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Vintage or Custom: Guitars That Sound and Look Beautiful

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February 26, 2016
Getting that guitar: Invest in custom or vintage strumming

Guitars may be one of the most popular musical instruments. Who hasn’t tried playing a few chords? Now the market for guitars is growing.

Strummers don’t have to settle for any basic guitar at the music shop down the street. Custom-made guitars and vintage guitars offer musicians a wide variety of choices.

“Right now there’s probably a builder for every buyer nowadays, and with the advent of the Internet, you can find them easily,” says John Tuttle, owner of Huntington Guitars, which hand-makes custom guitars in Minnesota.

“People who want a custom guitar are usually looking for a type of sound or a kind of fit,” he adds.

Keith Roscoe, owner of Roscoe Guitars in Greensboro, NC, said the customization of new guitars has grown in popularity.

“It’s not just the one or two standard shapes with the hole in the middle. That [hole] can be offset now, made bigger or smaller. The variations are endless,” he says, adding that all those variations can affect a guitar’s sound.

Custom Takes Time

Building a guitar takes time. Handmade guitars can take anywhere from 50 to 80 hours of work, depending on the level of intricacy, both Tuttle and Roscoe said. But that doesn’t mean a guitar goes from start to finish in two weeks. The wood must be shaped, a process that can take from three to six months.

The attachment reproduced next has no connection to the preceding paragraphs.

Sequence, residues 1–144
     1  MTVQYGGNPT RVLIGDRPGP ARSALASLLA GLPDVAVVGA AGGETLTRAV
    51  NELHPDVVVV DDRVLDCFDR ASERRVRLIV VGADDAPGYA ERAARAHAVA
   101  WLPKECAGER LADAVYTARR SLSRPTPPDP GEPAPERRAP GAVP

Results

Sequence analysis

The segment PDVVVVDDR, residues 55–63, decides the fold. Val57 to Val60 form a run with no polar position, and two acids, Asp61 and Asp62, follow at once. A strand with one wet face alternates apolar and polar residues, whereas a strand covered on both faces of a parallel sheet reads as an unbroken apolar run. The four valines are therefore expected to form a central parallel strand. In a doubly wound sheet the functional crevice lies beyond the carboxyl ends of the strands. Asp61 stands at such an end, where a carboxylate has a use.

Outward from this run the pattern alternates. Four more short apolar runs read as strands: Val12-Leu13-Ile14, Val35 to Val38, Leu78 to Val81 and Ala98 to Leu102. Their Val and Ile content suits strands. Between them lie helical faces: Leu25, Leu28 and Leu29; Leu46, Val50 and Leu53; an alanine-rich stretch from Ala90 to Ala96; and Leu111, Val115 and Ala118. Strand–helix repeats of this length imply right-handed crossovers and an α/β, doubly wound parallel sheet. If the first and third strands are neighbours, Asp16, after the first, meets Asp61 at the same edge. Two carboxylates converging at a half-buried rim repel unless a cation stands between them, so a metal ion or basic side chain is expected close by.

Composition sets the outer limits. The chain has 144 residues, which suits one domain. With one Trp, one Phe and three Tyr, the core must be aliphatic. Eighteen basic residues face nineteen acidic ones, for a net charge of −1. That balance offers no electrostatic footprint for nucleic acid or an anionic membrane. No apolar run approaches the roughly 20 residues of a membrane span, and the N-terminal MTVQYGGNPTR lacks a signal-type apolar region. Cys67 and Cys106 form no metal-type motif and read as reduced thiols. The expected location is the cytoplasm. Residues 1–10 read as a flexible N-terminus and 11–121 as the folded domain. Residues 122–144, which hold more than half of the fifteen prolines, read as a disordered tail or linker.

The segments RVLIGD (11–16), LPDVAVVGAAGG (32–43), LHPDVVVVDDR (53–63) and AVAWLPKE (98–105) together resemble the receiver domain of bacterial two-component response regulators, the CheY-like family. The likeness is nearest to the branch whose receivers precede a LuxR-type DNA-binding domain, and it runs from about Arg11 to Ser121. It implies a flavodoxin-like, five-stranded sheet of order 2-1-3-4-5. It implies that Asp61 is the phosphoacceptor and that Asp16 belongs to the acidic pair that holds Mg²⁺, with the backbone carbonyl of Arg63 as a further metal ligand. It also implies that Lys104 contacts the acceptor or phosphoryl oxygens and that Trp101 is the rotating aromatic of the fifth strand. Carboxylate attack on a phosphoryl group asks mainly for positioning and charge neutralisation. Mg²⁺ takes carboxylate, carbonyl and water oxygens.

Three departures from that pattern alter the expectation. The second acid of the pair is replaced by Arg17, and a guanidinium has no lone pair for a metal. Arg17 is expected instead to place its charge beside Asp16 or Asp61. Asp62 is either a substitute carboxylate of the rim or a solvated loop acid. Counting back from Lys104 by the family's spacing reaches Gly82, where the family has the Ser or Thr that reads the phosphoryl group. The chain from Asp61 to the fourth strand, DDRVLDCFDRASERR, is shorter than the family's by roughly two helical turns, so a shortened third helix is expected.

“You’re going from wood that was a bunch of sticks and slabs to this instrument that’s been glued together and all of a sudden it has 200 or 300 pounds of force subjected to it from all parts of it ... The guitar needs to become comfortable with itself,” Tuttle said.

New, high-end guitars sold at music shops can start around $1,500 and go up to $10,000, Roscoe said, while custom guitars can start around $3,000, Tuttle said.

Oldies Are Goodies

The market for vintage guitars is also wide, says Dan Orkin, director of content and engagement at Reverb, an online guitar marketplace.

Inspect a vintage guitar carefully before buying. There will inevitably be some play wear—marks and scratches that don’t impact the sound or the structural integrity of the instrument. Some people like that aesthetic, according to Orkin.

However, be wary of issues such as a broken neck, he said, which can diminish the value by half.

Before buying a vintage guitar—or any guitar—Roscoe recommended playing it to get the feel and hear the sound.

Guitars from manufacturers like Gibson or Fender have become collectors’ items. A late 1950s or early 1960s Gibson Les Paul Sunburst Flametop can go from a few thousand dollars to $200,000, for instance.

Although guitars generally don’t lose value, Roscoe and Orkin aren’t keen on the idea of the instrument as a collectible investment. 

“Guitars are living specimens, and they need to be played,” Roscoe says.

Orkin agrees. “You shouldn’t be collecting guitars unless you want to play. There are definitely better assets you can buy if you’re looking for financial gain.”

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